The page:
Theology and Politics from a Conservative, Biblical Perspective
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I’ve concluded that there is a simple way to understand mentally what it means to fear the Lord. I want to be clear here though in saying that this is simply an easier way to mentally understand it. This does not mean it is an easier way to live it, although understanding it better does help provide a more clear goal.
I’ve talked a great deal about the need in my life to learn to fear the Lord more. I did a search of this blog and the results that came up are found here: Fear the Lord. It is an extremely important topic and one that I personally believe needs to take precedence in my own life and one that should be firmly established in the life of every authentic Christian. Without it, we will flounder and be tossed here and there by our emotions. With it, a stability will be created; one that allows us to live in a way that glorifies God.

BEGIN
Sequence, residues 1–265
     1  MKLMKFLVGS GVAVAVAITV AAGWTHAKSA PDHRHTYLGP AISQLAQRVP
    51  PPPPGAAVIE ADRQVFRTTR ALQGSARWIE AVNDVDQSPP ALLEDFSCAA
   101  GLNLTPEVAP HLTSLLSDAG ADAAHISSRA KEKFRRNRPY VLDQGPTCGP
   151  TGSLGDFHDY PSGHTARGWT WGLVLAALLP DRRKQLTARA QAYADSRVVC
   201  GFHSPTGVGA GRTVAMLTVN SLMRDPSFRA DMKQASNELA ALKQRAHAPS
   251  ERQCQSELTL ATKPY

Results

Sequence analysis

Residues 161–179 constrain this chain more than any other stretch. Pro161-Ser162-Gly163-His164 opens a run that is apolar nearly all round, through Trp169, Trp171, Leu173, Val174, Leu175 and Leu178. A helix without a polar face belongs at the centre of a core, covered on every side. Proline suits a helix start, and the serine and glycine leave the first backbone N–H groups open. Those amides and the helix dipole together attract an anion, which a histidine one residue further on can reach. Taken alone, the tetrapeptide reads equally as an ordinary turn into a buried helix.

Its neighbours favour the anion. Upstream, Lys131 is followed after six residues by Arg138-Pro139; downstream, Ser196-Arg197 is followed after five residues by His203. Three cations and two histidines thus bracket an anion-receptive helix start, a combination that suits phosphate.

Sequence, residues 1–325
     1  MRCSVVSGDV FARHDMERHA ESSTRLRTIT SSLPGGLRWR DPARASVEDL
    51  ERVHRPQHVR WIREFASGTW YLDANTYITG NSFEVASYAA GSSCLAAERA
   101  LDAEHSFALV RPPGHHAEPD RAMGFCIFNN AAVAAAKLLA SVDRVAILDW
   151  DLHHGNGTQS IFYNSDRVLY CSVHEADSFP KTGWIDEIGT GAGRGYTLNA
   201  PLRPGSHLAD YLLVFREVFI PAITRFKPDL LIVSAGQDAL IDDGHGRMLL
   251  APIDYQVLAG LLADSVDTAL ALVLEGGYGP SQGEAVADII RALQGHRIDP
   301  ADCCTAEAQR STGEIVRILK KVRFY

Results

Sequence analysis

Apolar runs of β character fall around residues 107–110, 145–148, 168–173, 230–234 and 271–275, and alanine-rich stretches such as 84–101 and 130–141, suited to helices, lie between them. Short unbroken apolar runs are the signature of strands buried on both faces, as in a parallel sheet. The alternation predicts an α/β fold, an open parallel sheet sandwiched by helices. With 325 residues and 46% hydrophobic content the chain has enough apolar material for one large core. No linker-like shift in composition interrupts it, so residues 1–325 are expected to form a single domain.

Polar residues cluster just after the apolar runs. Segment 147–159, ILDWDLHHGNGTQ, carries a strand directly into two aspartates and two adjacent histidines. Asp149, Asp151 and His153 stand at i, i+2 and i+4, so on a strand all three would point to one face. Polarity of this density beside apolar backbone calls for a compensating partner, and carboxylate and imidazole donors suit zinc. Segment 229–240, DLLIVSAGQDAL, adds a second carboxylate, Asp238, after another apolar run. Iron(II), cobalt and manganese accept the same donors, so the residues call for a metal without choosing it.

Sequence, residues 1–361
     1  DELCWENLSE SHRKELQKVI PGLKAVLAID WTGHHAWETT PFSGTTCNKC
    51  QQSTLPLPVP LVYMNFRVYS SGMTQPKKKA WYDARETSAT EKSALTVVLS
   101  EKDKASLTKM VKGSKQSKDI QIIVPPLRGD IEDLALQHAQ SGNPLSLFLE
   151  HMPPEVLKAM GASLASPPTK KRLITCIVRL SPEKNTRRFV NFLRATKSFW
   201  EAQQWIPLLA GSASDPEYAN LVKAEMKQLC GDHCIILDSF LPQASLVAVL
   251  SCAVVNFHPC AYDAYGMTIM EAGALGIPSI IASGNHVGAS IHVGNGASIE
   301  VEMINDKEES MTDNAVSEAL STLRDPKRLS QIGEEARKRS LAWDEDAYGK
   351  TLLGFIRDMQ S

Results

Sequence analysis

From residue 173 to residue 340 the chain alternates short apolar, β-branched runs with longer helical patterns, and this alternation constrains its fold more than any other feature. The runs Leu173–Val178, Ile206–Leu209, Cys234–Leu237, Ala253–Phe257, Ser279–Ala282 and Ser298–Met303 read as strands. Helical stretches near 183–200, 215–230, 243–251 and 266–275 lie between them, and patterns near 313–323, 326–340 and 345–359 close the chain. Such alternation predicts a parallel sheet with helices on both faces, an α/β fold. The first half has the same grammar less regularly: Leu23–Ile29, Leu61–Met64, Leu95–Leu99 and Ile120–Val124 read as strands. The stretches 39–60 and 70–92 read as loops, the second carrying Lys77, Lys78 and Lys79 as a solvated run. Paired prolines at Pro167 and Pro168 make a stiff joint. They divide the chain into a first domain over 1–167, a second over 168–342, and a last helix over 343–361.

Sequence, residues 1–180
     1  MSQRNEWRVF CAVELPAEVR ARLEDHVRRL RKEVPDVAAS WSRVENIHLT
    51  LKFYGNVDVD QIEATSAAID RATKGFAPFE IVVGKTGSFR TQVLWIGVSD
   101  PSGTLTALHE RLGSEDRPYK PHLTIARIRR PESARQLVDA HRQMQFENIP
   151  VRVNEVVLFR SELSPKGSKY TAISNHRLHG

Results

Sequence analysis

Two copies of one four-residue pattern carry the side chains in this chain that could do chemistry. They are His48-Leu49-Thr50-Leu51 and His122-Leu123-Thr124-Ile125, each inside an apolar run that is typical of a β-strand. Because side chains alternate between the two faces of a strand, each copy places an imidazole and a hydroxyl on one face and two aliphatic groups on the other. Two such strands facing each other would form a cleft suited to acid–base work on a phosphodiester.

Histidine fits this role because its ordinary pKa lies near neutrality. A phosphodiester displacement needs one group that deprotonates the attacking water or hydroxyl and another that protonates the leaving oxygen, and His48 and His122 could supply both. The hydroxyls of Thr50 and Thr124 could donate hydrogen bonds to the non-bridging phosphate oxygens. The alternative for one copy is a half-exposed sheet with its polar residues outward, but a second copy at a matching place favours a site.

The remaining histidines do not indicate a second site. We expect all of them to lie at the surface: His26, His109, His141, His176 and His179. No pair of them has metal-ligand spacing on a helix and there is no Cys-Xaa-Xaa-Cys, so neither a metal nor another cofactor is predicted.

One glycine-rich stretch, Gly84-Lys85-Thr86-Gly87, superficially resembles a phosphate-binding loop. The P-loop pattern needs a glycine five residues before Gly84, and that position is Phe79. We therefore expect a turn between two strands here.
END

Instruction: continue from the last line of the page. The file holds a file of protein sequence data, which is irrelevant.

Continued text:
I’ve tried to define the fear of the Lord in various terms previously, usually by saying something like it is a deep, profound, reverential awe (fear) of God. This is certainly one way to put it and it seems that many Bible scholars tend to define it that way. That’s fine in one sense because it separates it from a fear of judgment by God, which does not ever apply to the Christian, so the Christian should never have an expectation of God’s impending judgment or pouring out of His wrath on our life.
However, I think there might be an easier definition that may provide a greater understanding of what the fear of the Lord truly is so that it causes us to see and understand the natural consequences of that fear of the Lord.